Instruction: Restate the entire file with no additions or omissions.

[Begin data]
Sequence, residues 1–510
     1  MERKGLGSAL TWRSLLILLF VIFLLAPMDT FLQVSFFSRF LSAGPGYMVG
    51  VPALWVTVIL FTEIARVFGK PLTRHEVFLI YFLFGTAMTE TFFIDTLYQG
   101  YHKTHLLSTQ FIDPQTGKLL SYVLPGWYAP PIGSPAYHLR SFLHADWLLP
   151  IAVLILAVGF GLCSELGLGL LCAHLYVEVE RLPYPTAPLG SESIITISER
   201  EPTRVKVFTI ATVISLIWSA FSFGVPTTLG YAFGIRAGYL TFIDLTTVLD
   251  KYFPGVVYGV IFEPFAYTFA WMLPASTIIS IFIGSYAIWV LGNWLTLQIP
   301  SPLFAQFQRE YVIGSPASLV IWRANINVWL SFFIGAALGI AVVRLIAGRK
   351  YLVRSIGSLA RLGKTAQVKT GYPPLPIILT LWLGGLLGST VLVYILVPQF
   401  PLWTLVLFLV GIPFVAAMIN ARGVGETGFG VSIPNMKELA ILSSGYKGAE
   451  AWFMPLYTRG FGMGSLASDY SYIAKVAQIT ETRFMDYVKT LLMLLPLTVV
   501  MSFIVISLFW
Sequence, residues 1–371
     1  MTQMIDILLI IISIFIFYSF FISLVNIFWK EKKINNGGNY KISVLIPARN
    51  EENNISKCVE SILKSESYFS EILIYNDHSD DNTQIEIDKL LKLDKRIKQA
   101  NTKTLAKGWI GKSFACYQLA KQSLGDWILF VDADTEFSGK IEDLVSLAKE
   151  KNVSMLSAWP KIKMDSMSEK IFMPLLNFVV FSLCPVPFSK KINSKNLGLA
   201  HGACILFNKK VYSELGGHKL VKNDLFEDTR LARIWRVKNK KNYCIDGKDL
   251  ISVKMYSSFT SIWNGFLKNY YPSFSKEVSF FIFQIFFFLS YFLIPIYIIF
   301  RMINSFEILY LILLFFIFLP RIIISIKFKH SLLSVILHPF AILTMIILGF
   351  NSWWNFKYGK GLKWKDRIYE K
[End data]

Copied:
Sequence, residues 1–510
     1  MERKGLGSAL TWRSLLILLF VIFLLAPMDT FLQVSFFSRF LSAGPGYMVG
    51  VPALWVTVIL FTEIARVFGK PLTRHEVFLI YFLFGTAMTE TFFIDTLYQG
   101  YHKTHLLSTQ FIDPQTGKLL SYVLPGWYAP PIGSPAYHLR SFLHADWLLP
   151  IAVLILAVGF GLCSELGLGL LCAHLYVEVE RLPYPTAPLG SESIITISER
   201  EPTRVKVFTI ATVISLIWSA FSFGVPTTLG YAFGIRAGYL TFIDLTTVLD
   251  KYFPGVVYGV IFEPFAYTFA WMLPASTIIS IFIGSYAIWV LGNWLTLQIP
   301  SPLFAQFQRE YVIGSPASLV IWRANINVWL SFFIGAALGI AVVRLIAGRK
   351  YLVRSIGSLA RLGKTAQVKT GYPPLPIILT LWLGGLLGST VLVYILVPQF
   401  PLWTLVLFLV GIPFVAAMIN ARGVGETGFG VSIPNMKELA ILSSGYKGAE
   451  AWFMPLYTRG FGMGSLASDY SYIAKVAQIT ETRFMDYVKT LLMLLPLTVV
   501  MSFIVISLFW
Sequence, residues 1–371
     1  MTQMIDILLI IISIFIFYSF FISLVNIFWK EKKINNGGNY KISVLIPARN
    51  EENNISKCVE SILKSESYFS EILIYNDHSD DNTQIEIDKL LKLDKRIKQA
   101  NTKTLAKGWI GKSFACYQLA KQSLGDWILF VDADTEFSGK IEDLVSLAKE
   151  KNVSMLSAWP KIKMDSMSEK IFMPLLNFVV FSLCPVPFSK KINSKNLGLA
   201  HGACILFNKK VYSELGGHKL VKNDLFEDTR LARIWRVKNK KNYCIDGKDL
   251  ISVKMYSSFT SIWNGFLKNY YPSFSKEVSF FIFQIFFFLS YFLIPIYIIF
   301  RMINSFEILY LILLFFIFLP RIIISIKFKH SLLSVILHPF AILTMIILGF
   351  NSWWNFKYGK GLKWKDRIYE K